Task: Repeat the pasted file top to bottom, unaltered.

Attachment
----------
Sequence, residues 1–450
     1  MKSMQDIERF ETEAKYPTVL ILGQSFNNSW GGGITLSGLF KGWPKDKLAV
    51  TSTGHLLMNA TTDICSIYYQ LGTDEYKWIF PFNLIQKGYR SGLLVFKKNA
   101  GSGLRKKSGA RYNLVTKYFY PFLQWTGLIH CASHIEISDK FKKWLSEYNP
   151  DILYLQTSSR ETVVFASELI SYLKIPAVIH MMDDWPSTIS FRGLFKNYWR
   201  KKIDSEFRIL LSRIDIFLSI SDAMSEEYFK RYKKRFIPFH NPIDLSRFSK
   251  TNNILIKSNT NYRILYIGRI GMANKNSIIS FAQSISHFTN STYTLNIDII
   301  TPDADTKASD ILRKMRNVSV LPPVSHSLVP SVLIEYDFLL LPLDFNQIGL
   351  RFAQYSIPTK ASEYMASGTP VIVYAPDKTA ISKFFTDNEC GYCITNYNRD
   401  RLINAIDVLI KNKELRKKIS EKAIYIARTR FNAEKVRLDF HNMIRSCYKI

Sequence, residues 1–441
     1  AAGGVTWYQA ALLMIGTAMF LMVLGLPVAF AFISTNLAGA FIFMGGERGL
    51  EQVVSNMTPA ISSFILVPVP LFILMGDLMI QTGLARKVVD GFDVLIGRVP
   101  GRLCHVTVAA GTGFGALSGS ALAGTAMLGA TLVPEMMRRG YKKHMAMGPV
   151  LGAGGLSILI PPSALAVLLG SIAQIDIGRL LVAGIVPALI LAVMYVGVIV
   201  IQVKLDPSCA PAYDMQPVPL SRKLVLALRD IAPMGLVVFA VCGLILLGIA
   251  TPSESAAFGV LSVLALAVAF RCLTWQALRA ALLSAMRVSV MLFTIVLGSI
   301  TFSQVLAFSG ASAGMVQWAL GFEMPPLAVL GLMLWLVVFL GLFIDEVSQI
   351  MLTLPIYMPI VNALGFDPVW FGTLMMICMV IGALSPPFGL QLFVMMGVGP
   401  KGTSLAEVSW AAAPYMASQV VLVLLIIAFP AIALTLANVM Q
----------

Sequence, residues 1–450
     1  MKSMQDIERF ETEAKYPTVL ILGQSFNNSW GGGITLSGLF KGWPKDKLAV
    51  TSTGHLLMNA TTDICSIYYQ LGTDEYKWIF PFNLIQKGYR SGLLVFKKNA
   101  GSGLRKKSGA RYNLVTKYFY PFLQWTGLIH CASHIEISDK FKKWLSEYNP
   151  DILYLQTSSR ETVVFASELI SYLKIPAVIH MMDDWPSTIS FRGLFKNYWR
   201  KKIDSEFRIL LSRIDIFLSI SDAMSEEYFK RYKKRFIPFH NPIDLSRFSK
   251  TNNILIKSNT NYRILYIGRI GMANKNSIIS FAQSISHFTN STYTLNIDII
   301  TPDADTKASD ILRKMRNVSV LPPVSHSLVP SVLIEYDFLL LPLDFNQIGL
   351  RFAQYSIPTK ASEYMASGTP VIVYAPDKTA ISKFFTDNEC GYCITNYNRD
   401  RLINAIDVLI KNKELRKKIS EKAIYIARTR FNAEKVRLDF HNMIRSCYKI

Sequence, residues 1–441
     1  AAGGVTWYQA ALLMIGTAMF LMVLGLPVAF AFISTNLAGA FIFMGGERGL
    51  EQVVSNMTPA ISSFILVPVP LFILMGDLMI QTGLARKVVD GFDVLIGRVP
   101  GRLCHVTVAA GTGFGALSGS ALAGTAMLGA TLVPEMMRRG YKKHMAMGPV
   151  LGAGGLSILI PPSALAVLLG SIAQIDIGRL LVAGIVPALI LAVMYVGVIV
   201  IQVKLDPSCA PAYDMQPVPL SRKLVLALRD IAPMGLVVFA VCGLILLGIA
   251  TPSESAAFGV LSVLALAVAF RCLTWQALRA ALLSAMRVSV MLFTIVLGSI
   301  TFSQVLAFSG ASAGMVQWAL GFEMPPLAVL GLMLWLVVFL GLFIDEVSQI
   351  MLTLPIYMPI VNALGFDPVW FGTLMMICMV IGALSPPFGL QLFVMMGVGP
   401  KGTSLAEVSW AAAPYMASQV VLVLLIIAFP AIALTLANVM Q